The office of ‘Trees for Seattle,’ a division of the Seattle Department of Public Utilities, is sponsoring a walk led by a trained volunteer to identify many of the interesting, common and rare trees in the Genesee neighborhood of West Seattle. The walk will take place on Saturday, June 2nd, from 9:30 to 12:00 noon. The walk begins at Ercolini Park at 48th Ave and Alaska St. We will take a leisurely walk down the tree-lined streets telling stories about different species of trees and pointing easy ways by which they can be identified. After winding around several blocks, the walk ends at the junction of Charlestown St and 48th Ave.

West Duwamish Greenbelt Trails guided hikes – 10 am & 1 pm
Jun 2 @ 10:00 am – 2:00 pm

The West Duwamish Greenbelt Trails group is kicking off a series of themed walks on the first Saturday of each month this spring, summer, and fall. Walks will start at 10 a.m. at the trailhead at 14th Ave. SW and Holly St. New brochures, funded by a City of Seattle grant, will be handed out, showing all the trails in the Greenbelt. Brochures are also available at branch libraries in West Seattle, the Log House Museum, Pathfinder K-8, Sanislo and Boren STEM K-8 schools, South Seattle College library, the Delridge Community Center, and Youngstown Cultural Arts Center.

Saturday, June 2, National Trails Day: 10 a.m. and 1 p.m. guided hikes through the greenbelt led by Paul West and members of the Duwamish Greenbelt Trails group. This event is co-sponsored by Nature Consortium, www.naturec.org.

Other hikes: July 7, August 4, September 1, October 6.

West Seattle High School Class of 1968 50th Reunion @ South Seattle College, Brockey Center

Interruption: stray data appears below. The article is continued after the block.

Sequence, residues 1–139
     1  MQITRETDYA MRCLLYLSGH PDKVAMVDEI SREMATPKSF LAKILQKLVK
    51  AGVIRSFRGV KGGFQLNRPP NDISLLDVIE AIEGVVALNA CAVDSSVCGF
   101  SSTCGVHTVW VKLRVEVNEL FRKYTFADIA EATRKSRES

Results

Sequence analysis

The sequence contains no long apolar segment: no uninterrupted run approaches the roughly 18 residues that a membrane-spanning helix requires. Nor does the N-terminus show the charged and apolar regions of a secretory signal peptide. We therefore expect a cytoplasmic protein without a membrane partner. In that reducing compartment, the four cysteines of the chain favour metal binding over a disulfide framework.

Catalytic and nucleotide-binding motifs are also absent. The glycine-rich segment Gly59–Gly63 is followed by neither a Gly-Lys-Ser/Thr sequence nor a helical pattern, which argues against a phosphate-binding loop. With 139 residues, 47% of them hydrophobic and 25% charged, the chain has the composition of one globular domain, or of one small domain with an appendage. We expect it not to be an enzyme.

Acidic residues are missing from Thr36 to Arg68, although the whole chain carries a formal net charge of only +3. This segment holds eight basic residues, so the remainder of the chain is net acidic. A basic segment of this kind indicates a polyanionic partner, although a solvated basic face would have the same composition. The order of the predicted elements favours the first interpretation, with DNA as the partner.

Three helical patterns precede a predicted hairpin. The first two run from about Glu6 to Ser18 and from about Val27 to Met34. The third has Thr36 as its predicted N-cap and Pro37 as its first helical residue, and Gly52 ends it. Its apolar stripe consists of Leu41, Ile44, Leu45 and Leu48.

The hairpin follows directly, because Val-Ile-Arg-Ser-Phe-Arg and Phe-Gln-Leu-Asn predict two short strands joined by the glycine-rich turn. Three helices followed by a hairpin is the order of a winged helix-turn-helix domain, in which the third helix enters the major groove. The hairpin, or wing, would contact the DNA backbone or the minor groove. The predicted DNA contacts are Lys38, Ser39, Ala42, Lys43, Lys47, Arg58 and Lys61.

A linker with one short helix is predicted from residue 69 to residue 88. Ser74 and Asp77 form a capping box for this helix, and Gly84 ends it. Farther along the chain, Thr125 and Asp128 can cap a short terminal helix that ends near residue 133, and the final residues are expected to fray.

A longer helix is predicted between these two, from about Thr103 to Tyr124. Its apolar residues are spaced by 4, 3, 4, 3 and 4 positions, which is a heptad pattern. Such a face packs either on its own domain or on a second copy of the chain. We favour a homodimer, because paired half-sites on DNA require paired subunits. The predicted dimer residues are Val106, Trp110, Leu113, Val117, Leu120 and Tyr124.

Jun 2 @ 5:30 pm – 9:00 pm
Jun
9
Sat
2018
Tot Trek: Water Babies in the Pond @ Camp Long
Jun 9 @ 10:30 am – 11:45 am

When: Saturday June 9, 2018, 10:30–11:45 am
What: Tot Trek – Water Babies in the Pond
Where: Camp Long Environmental Learning Center
Pre-Register: Yes
Ages: 2–3 with an adult. Cost: $5

An opportunity for the very young to explore outside in a safe environment and to share that experience with an adult that is important to them. Parents and others that share time with a toddler can learn tips and tricks for sharing the outdoors
with a little one. These programs are also a great chance to make new friends.

Adults, explore the wonders of nature with your toddler. Take a dip in the ponds and see what new life is springing up. This program designed for 2-3 year olds accompanied by an adult.

Event ##177733

Contact: Camp Long Environmental Learning Center (5200 35th Ave SW)
Contact Phone: 206-684-7434
Contact Email: camplong@seattle.gov

Jun
21
Thu
2018
Fix-It Party with West Seattle Timebank, Sustainable West Seattle, West Seattle Tool Library @ Youngstown Cultural Arts Center
Jun 21 @ 6:30 pm – 8:00 pm

West Seattle Timebank, Sustainable West Seattle, & West Seattle Tool Library are having a Fix It Party!

Thursday, June 21, 2018
6:30 pm – 8:00 pm
Youngstown Cultural Center

Bring your torn, your too-long, your cracked, your miswired, your I-think I’m-doing-it-wrong and get some help, advice, and restore your stuff to its former glory. Suggested projects: holes in clothing, pants that need hemming, missing buttons, lamps that don’t turn on anymore, broken figurines and pottery, and anything else that just needs a little attention and skill. Bring a dish to share if you like.

It’s a potluck too. Enjoy breaking bread with your neighbors and learning about Sustainable West Seattle and the West Seattle Timebank.

More Info: westseattletimebank.org